13. Watcher says:

    Dave: Of course we need to re-examine the situation once the final payload for Exo-Mars is agreed. Clearly STFC is not going to fund payload that doesn’t fly and equally they are going to want to exploit UK leadership were we can win it. And of course if the whole cost of Exo-Mars increases the situation will need to be reviewed in the context of the rest of the programme.

    Meanwhile, I thought Diamond had been identified as the enemy, recent contributions suggested that Aurora was the problem but now it seems it’s down to BepiColombo (unless you believe Paul of course in which case it’s all Keith’s fault).

  14. Dave Carter says:

    Lets not talk about enemies here, the problem is lack of funds. I merely raise BepiColombo as an example of a commitment which would not have been made had it been peer reviewed prior to the commitment in the context of the hard choices being made elsewhere.

    How does one evaluate “UK leadership”? Is it UK leadership to be PI of an instrument that nobody else wants to use? Or is it UK leadership to be first author on a number of ApJ papers using an instrument that was built overseas? We have had this debate before and you know I favour the latter, but I think its something people all need to think about.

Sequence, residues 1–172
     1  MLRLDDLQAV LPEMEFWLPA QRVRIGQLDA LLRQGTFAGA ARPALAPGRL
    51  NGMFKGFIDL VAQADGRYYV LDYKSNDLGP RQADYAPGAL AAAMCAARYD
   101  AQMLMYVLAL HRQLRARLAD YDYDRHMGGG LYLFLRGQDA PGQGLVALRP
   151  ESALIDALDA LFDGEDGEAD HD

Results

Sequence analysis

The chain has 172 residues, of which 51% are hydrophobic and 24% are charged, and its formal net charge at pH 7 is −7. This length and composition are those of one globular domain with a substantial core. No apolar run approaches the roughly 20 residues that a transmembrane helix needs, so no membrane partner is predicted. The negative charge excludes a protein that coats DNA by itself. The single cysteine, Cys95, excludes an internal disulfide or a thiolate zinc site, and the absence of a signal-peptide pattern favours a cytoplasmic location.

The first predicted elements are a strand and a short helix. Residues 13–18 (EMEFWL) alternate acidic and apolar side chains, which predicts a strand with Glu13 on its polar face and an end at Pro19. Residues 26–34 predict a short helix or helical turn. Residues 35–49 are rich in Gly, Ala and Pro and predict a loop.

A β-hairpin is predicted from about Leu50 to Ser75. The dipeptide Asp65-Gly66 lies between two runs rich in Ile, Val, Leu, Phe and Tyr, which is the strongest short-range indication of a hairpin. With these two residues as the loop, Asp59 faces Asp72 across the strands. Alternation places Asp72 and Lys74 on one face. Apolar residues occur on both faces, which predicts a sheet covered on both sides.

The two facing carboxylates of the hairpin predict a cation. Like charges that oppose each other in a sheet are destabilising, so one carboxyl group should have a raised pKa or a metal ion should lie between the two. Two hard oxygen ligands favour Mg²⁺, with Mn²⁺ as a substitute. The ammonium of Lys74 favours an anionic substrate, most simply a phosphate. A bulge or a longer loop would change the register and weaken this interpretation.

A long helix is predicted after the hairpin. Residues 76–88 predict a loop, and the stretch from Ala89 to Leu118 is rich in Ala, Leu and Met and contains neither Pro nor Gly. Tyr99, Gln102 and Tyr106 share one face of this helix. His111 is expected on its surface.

15. Dave Carter says:

    George, regarding ESO membership, this was debated openly in full awareness of the pain that would be cause to other parts of the programme, but these parts of the programme were those used by the same community pushing for ESO membership (ING, AAO, RGO/ROE). The community decided nevertheless to support ESO membership, and to take that pain. The perception with AURORA is that the benefit is to a different, and maybe smaller, community than that feeling the pain. I don’t know how much of that pain is directly attributable to the ongoing commitment to Aurora, Watcher may have a view.